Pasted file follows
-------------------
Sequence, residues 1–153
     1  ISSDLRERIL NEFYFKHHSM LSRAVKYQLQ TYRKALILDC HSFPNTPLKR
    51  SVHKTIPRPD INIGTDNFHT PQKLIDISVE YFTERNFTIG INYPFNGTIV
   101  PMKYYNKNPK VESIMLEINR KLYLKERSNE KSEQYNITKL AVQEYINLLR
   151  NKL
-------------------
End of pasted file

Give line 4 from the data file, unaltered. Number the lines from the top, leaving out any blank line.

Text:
   101  PMKYYNKNPK VESIMLEINR KLYLKERSNE KSEQYNITKL AVQEYINLLR